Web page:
Using Experience to Teach Character Development
PROVO, Utah – Jul 12, 2021 – As an adjunct professor at the BYU Marriott School of Business, Beth Wilkins knows her students want to make a difference in the world. Wilkins teaches a leadership class in the human resource management (HRM) program that helps students learn how to make that difference by first understanding themselves better. To this end, Wilkins strives to bring her knowledge and experience as an industry professional, including running her own consulting firm, to the classroom.
Wilkins teaches HRM 413: Managerial Leadership Development, a course designed to help students learn more about themselves. Wilkins explains the class design is based on her years of experience. “As I have worked with leaders, I have seen that those who do the work to figure themselves out and how to uniquely benefit or serve others are more powerful,” she says. Wilkins hopes that as her students better understand who they are, they will be more equipped to become a better version of themselves. “I want my students to learn about their own strengths and personal missions in order to lead authentically,” Wilkins adds.
Under her guidance, Wilkins has her students participate in a variety of learning activities that she bases on her various work experiences. Her career path included being the global director for talent development at both Oracle, a worldwide cloud technology company, and The Church of Jesus Christ of Latter-day Saints. At Oracle, Wilkins says she gained valuable leadership experience as she developed leadership academies and coaching networks.
She also has years of consulting experience at three management consulting companies, culminating with the creation of her own consulting firm, Foresight Collaborative, in February 2020. Wilkins says her company is the result of her personally learning the necessary skills to be an effective leader, which came in handy during a tumultuous time. Beginning a company right before the outbreak of COVID-19 created difficult challenges as Wilkins had to adapt to consulting solely from home.
Despite some initial roadblocks, Wilkins was equipped to succeed because of what she describes as “years of experience focusing on my strengths.” Before starting Foresight Collaborative, Wilkins says she struggled with imposter syndrome, or feelings of inadequacy in a profession despite sufficient qualifications and success. Through that challenge, she relied on her strengths and personal development to take the leap into what is now a successful consulting firm. Wilkins’ shares these experiences with her students in hopes that they can learn how to overcome their own challenges and become their best selves.
One of the main learning activities Wilkins assigns in her class is a project that she designed to focus on individual development through experiential learning. After being put into different teams, students pick a project that focuses on practicing leadership. This includes becoming better leaders at work, planning and executing a service project, or improving relationships within students’ families. At the end of the semester, Wilkins assigns a paper where her students are able to reflect on their experiences being leaders in meaningful and personal ways. The project’s hands-on approach to learning, even among COVID-19 restrictions, allows the students in Wilkins’ class to begin making a difference during school.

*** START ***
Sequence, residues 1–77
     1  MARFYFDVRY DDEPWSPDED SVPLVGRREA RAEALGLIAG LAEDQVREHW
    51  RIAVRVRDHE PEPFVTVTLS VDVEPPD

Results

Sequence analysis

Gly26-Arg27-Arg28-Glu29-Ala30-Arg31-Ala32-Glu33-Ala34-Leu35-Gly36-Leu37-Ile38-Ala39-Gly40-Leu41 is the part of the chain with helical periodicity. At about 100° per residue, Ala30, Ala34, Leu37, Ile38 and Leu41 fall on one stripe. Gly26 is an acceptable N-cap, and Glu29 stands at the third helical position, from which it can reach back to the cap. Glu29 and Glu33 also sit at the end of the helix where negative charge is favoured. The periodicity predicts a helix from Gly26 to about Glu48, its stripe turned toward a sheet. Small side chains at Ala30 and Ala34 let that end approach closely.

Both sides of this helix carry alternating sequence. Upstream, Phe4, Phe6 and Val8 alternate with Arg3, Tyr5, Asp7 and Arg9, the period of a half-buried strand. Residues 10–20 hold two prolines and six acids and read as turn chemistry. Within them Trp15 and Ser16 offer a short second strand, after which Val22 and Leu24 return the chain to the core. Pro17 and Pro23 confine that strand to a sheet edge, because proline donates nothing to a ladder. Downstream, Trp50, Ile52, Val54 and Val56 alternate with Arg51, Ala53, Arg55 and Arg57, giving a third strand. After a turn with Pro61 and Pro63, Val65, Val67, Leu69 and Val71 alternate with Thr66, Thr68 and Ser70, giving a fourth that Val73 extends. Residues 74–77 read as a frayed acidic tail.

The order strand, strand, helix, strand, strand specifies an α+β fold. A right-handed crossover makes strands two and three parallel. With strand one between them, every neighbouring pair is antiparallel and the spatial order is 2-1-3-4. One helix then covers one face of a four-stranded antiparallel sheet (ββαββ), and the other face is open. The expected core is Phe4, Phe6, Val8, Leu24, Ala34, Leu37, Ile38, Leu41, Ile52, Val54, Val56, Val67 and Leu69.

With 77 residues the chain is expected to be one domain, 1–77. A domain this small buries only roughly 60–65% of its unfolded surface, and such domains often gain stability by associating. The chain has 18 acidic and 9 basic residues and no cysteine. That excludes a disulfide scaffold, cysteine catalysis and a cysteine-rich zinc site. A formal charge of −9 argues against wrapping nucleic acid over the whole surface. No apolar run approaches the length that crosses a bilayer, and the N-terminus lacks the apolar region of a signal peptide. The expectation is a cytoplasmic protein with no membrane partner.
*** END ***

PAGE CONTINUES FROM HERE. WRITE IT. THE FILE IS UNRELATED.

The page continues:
One of the reasons why Wilkins believes she can help students understand themselves better is because of BYU’s unique educational mission. Wilkins received a bachelor’s degree in humanities, along with a master’s degree and PhD in instructional psychology and technology from BYU. The reason she says she kept coming back, including eventually as a faculty member, is because BYU allows her and her students to embrace their whole selves, including their spiritual and personal development.
Since much of Wilkins’ class is focused on character development, she is thankful she can focus on that development with a religious aspect, as she believes faith shapes the way people understand themselves. “A BYU education allows faculty and students to focus on character development in a transparent way,” Wilkins says. “We can talk about all of the aspects of learning and growth. Not having to share only part of ourselves can feel liberating.”
In addition to her classroom efforts, Wilkins leads by example in her community. She is a member of the Provo City Inclusion Committee, which focuses on having positive community conversations between diverse groups. Wilkins is grateful these conversations are taking place, especially with recent cultural and political tensions in the United States. “Conversations in the Inclusion Committee are meaningful, as all of us involved see people trying to understand those different from them, learn from each other, and create a better way forward together,” she says.
Helping people make a difference by understanding themselves is Wilkins’ goal with her classes, and she believes her students have been successful in that goal, both at BYU Marriott and entering the workforce upon graduation. Former students reach out to her and share how principles from her class apply to their new jobs, and to ask for further insight on applying those principles. “I am happy my former students use these ideas on the job and reach out for my continued help to do so,” Wilkins says. With the way she has seen those in her classes learn to be meaningful leaders, Wilkins looks forward to inspiring the next wave of students that come her way.
Media Contact: Chad Little (801) 422-1512
Writer: Mike Miller